The nature of video search has made how-to video guides a low hanging fruit. Think about it: it’s 3AM and you need to know how to create the basic drone of a didgeridoo. Where will you turn? The all-knowing internets, of course.
It’s an idea that none too few internet entrepreneurs have discovered, so we’re left with a plenitude of how-to video sites with various models of content procurement, from in-house production to collections from the web to user-generated and submitted to student-commissioned to a combination therein.
The most recent entrant to the space, Howcast, which a handful of former Google and YouTube employees launched today, follows 5min, VideoJug, WonderHowTo.com, Instructables, Expert Village and, sometimes, Mahalo Daily. So what to make of a new entrant in a crowded space?
From a rudimentary peek at each, I don’t see particular differentiation, with the exception of Mahalo Daily which is only sometimes a how-to guide (I think they moved on when they realized they didn’t know how to do much) and other times a whimsical tour of something neat. I definitely prefer the snarky tone of VideoJugg to the authoritative pontification of Expert Village, but I’m sure others would prefer the assuredness of an expert voice to the cynicism of a jagged-toothed Brit. Herein lies the opportunity for these ventures.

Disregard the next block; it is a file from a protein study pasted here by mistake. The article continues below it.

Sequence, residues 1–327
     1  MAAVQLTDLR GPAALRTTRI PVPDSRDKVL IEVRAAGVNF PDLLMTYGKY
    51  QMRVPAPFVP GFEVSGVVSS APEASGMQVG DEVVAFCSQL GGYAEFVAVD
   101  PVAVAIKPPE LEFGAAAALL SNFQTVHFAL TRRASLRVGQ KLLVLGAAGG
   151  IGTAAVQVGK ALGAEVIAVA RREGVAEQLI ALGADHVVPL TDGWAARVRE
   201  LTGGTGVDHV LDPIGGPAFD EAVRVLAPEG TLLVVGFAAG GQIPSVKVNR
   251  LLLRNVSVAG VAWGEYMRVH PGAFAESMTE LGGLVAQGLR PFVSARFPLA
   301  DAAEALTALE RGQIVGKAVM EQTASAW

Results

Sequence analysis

Most of traffic to how-to video sites will, presumably, be directed from Google search queries, ie “How can I quit smoking?”, but these brands must also drive direct traffic by setting themselves apart through distinctive experiences. If each of these upstarts focuses on refining its particular editorial voice or area of how-to expertise, each will develop a valuable brand. As with comedy websites, catch-all-warehouses of please-all content won’t cut it in a highly specialized world.
How-to websites must learn coopitition through differentiation, but that’s a challenge for which a how-to video will be difficult to find.